In addition to Nate Gerry, mentioned above, the following players left their respective games with concussion symptoms and enter the league protocol:
- Bears tight end Adam Shaheen
- Bears linebacker Aaron Lynch
- Broncos cornerback Bradley Roby
Cardinals moneybacker Deone Bucannon left Sunday's game with a chest injury and did not return. The exact injury has not been specified, but chest injuries seldom result in long-term absences for defensive backs. Only a shade over 25 percent cause even one missed game, and most players are off the injury report altogether after one week. Practice participation reports will probably reveal more, assuming that this is not the very rare major chest injury.
Colts center Ryan Kelly missed practice on Friday with a knee injury and was forced out of the blowout win over the Titans with an injury to the same knee. The injury is not expected to be major, but Kelly will have an MRI scan taken today. We will update this post if we receive further news.
Cowboys offensive tackle Tyron Smith left Sunday's game with a "stinger" -- a nerve injury characterized by tingling and weakness in the affected extremity -- but is not expected to miss further time. Even on a short week, he should be fine for the crucial Thanksgiving clash with division-leading Washington.
Falcons safety Damontae Kazee was limited in practice this week due to a shoulder injury, and a shoulder injury also forced him out of the game against Dallas. Most shoulder injuries to defensive backs, excluding major injuries such as dislocations or labrum tears, do not cause the player to miss a game; however the Falcons play in New Orleans on Thursday night, so the short week makes that more of a challenge for Kazee. Expect early-week practice reports to reveal more.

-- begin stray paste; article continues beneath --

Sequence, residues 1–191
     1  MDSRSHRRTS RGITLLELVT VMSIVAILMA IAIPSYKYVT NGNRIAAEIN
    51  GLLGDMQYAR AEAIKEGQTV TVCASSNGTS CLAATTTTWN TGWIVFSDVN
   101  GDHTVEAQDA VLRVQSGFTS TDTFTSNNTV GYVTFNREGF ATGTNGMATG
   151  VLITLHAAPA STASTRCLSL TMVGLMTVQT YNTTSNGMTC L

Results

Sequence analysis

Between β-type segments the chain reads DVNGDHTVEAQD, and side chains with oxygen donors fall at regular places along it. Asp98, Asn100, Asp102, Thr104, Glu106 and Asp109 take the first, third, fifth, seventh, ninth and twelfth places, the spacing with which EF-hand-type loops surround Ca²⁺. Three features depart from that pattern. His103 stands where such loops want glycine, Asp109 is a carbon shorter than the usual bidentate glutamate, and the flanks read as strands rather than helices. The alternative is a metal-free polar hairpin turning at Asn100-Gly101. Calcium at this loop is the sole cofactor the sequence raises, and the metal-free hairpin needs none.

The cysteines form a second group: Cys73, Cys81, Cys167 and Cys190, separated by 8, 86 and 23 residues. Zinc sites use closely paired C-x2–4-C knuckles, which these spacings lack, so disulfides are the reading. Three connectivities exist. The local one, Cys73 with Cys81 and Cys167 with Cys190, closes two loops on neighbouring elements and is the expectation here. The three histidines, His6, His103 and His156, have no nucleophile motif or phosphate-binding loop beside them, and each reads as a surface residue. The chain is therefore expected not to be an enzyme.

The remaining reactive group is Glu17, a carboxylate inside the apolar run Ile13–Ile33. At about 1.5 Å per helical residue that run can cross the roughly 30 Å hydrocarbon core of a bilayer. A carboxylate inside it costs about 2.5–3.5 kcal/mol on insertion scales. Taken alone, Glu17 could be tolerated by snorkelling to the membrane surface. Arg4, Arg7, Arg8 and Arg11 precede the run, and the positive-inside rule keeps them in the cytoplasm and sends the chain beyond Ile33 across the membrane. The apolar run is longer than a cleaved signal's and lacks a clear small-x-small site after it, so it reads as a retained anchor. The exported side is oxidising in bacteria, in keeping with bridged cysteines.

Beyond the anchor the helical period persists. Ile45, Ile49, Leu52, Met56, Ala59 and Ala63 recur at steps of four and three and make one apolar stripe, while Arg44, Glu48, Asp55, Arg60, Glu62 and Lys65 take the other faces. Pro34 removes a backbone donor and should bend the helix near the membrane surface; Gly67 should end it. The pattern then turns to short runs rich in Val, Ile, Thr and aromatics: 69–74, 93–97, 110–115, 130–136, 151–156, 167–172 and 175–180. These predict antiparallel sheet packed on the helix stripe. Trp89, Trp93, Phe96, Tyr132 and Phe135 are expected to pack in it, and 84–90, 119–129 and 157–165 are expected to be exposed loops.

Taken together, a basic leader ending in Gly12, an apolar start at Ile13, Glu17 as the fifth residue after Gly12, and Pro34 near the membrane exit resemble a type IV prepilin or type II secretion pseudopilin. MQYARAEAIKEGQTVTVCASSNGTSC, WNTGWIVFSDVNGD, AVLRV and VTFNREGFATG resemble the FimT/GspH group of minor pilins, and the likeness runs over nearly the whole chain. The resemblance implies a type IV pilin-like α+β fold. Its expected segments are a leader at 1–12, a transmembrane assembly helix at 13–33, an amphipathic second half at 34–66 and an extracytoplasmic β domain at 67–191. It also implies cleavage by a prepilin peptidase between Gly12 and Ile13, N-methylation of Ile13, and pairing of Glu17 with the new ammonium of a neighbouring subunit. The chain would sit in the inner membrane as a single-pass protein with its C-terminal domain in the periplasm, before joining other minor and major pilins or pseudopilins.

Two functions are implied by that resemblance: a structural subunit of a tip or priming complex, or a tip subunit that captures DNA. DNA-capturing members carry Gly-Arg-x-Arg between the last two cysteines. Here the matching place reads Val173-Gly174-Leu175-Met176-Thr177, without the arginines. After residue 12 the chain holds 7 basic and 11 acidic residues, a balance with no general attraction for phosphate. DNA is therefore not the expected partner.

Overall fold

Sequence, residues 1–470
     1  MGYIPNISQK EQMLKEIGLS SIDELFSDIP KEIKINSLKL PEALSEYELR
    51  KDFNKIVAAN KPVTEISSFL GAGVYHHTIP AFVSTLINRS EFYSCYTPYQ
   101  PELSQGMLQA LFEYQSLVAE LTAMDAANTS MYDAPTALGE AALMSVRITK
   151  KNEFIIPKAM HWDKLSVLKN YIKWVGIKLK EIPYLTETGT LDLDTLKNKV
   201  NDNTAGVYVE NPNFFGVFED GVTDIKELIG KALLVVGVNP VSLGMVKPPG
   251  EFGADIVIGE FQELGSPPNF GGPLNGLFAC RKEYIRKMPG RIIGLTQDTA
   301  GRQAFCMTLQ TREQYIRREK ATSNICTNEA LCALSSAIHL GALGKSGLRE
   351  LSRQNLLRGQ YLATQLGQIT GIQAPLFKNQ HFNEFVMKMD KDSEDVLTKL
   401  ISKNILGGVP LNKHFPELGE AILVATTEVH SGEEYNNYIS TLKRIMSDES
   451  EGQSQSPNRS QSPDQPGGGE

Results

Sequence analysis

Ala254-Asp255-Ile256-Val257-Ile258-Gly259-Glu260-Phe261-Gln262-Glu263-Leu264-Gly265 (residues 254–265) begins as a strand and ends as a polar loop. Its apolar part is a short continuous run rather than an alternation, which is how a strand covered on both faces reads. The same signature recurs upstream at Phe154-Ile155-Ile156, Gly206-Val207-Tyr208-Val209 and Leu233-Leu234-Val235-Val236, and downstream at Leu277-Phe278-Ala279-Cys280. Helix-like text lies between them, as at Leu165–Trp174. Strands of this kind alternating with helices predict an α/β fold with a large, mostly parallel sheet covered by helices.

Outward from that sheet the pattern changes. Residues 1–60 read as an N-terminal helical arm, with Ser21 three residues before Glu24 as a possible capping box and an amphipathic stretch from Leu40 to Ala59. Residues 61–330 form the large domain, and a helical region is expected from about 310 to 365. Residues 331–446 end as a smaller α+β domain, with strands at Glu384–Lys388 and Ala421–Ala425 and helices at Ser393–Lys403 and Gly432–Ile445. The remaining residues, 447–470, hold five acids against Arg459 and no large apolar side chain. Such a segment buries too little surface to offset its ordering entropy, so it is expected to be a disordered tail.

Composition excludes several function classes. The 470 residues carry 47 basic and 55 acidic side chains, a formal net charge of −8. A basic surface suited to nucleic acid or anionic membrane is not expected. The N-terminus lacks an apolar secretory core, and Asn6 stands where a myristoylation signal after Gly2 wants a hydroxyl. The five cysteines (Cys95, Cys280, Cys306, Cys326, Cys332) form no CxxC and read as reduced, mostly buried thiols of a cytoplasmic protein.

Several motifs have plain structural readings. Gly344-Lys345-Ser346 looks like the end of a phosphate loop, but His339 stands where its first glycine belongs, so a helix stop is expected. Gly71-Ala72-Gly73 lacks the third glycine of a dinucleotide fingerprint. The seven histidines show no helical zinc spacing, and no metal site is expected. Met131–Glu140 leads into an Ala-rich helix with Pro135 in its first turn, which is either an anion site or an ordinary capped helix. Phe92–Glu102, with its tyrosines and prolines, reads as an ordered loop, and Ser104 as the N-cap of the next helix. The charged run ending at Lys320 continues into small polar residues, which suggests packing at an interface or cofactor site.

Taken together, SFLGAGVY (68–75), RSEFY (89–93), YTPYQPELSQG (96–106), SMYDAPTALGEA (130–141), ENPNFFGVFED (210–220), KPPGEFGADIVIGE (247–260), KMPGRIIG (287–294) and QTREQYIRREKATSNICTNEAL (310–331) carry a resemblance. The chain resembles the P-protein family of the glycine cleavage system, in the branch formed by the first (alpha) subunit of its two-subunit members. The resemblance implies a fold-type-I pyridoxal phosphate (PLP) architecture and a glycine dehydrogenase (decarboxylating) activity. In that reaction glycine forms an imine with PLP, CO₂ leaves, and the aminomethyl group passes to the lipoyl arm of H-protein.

Jaguars guard A.J. Cann was questionable with a hamstring injury prior to Sunday's game against the Steelers. He aggravated the injury and left the game, replaced by Chris Reed. Around half of hamstring injuries to offensive linemen result in at least one missed game, though only 25 percent miss more than two weeks. Given that this was an aggravation of an existing injury, Cann is more likely than most to miss time.
Saints guards Andrus Peat and Larry Warford left Sunday's blowout victory over the Eagles with injuries, but neither is expected to miss further time.
Texans guards Senio Kelemete and Zach Fulton both left Sunday's victory in Washington, but neither player is expected to miss further time.
Titans quarterback Marcus Mariota suffered another injury to his throwing arm against the Colts and gave way to Blaine Gabbert seconds before halftime as the Titans were blown out in Indianapolis. Mariota has been treated today for a "stinger," according to head coach Mike Vrabel, but it is possible that this injury relates to the nerve problem he battled through earlier in the season. The Titans do not expect the injury to keep Mariota out for long, but practice participation reports will reveal more as the week progresses. Defensive coordinator Dean Pees, who was taken to hospital before Sunday's game, has now been released and is expected to return to Tennessee today.